It also seems to have been a good reason for Christians to slaughter others of different faiths, traditions, religions and none for centuries.

    Maybe the poor ram needs more compassion and understanding ?

    Self sacrificing love is a noble ideal. I also can’t help wondering what it was we were being asked, are perhaps really being asked to give up, to sacrifice.

  23. Mary O Vallely

    This is addressed to Cameron @21. I am saddened by your comment:- “As a young Catholic, this site breaks my heart.”
    As an old Catholic I am actually pleased to see a young person posting on this forum. You obviously read the comments. Does this remark of yours refer specifically to this thread or is it a general comment? It would be helpful if you could expand and explain what it is that grieves you so as we can only have true dialogue if we are open and honest about our thoughts and feelings. Good on you for starting to engage and I really look forward to hearing more from you. We meet the Spirit in each other through love, tolerance and charity and I don’t think you could doubt the hunger for that Spirit in anyone who cares enough to post on this forum. Perhaps you could start a new thread and help us all to understand how you feel? Thanks, Cameron.

  24. Wanderer

    Hearts need breaking if the Lord Christ were to enter therein. Broken and contrite hearts the Lord will not despise.

    “As a young Catholic I am appalled, indeed affronted, that you are not all as good and faithful as I am.” ?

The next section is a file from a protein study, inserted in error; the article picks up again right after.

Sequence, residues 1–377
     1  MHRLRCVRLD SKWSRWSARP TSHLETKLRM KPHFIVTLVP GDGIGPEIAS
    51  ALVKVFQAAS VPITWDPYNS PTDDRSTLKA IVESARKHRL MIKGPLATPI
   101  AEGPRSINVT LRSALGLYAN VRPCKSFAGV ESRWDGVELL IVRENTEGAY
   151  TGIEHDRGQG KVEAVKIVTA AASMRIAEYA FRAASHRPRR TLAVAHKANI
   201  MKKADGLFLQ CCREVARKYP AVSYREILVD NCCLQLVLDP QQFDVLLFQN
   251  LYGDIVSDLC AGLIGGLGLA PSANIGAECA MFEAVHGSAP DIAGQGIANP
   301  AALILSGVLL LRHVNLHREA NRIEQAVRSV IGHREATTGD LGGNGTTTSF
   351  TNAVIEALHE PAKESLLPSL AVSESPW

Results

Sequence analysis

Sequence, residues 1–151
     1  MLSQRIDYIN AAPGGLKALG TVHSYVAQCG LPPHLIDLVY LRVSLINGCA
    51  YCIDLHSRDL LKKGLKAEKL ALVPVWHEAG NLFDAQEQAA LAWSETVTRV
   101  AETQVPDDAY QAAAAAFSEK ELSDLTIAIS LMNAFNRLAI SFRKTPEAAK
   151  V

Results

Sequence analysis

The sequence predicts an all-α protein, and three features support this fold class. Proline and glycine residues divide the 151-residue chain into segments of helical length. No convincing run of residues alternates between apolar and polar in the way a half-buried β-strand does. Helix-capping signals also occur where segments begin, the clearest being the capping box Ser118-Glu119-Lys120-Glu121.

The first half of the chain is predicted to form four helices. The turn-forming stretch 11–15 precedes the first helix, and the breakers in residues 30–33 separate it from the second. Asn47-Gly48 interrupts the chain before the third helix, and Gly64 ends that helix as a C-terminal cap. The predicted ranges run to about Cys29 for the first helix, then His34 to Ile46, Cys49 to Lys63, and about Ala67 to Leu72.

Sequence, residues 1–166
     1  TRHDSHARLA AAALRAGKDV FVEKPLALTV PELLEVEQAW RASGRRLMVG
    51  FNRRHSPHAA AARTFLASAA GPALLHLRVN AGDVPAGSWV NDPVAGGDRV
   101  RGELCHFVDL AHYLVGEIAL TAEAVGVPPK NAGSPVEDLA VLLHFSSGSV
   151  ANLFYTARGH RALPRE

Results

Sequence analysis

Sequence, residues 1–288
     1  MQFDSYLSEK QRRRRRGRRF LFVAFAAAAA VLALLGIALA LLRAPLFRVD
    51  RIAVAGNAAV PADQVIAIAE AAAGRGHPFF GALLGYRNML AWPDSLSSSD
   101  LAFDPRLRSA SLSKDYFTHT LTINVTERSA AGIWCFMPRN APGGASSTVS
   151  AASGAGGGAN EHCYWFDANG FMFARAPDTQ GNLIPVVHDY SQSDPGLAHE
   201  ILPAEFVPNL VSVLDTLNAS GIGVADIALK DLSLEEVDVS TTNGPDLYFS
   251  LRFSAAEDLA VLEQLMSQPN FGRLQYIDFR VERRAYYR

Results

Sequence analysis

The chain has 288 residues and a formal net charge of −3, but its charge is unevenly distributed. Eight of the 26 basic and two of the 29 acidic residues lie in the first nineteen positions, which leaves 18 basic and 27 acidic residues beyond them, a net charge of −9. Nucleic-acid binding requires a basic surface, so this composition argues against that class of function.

Pride, comes before the fall, or the much needed breaking.

    Wish I could be ‘nice’ about it but it’s simply not ‘nice’.

    I could suggest you are ‘judge and executioner’. Greater of two ‘evils’ ?

  25. mjt

    You are a model for us all, Mary!

  26. Wanderer

    On a less stroppy note.

    I wonder if Cameron is not left wondering what kind of mind messing is going on here. It goes all over the place at times and would leave anyone questioning, or rather wondering, and not always in a good way what is really going on.

    I know there is paradox, unity in and through diversity, order from chaos.

    But sometimes chaos is just that – purely chaotic for no good reason.

    Maybe not so much the heart breaking as wrecking his poor head.

  27. Wanderer

    Has anyone any thoughts on the ram ?

    God does not ask sacrifice as in blood but broken and contrite spirits. Loving sacrifice in the service of one another. It’s become so much about rocket science that there is little love or service or community. Just ‘go to Mass’. Which I am not meaning to downgrade at all but the non Catholics could teach a lot in this regard.

    I think the idea of Mass as Sacrifice where the community come together in communal offering of themselves, their lives of service – mothers, fathers, daughters, sons, doctors, teachers, nurses, post men………. etc, and in thanksgiving too, supplication, is not something you find very much if at all. Priesthood of all who believe in the love of God. Of Christ. Come on some of you priests. Tell us. Let us know. Cut the crap. Stop going to the internet for ‘homilies’ that are meaningless. Speak from your heart, your own experience. We are all works in progress and learn from each other.

    I think the priest says words at the end of Mass…. “Go forth…. ”

    And that’s just what we do. Go forth to our lives. Sleeping with half the country, gettin’ full every night, kicking the cat and God forbid, watching Eastenders instead of…..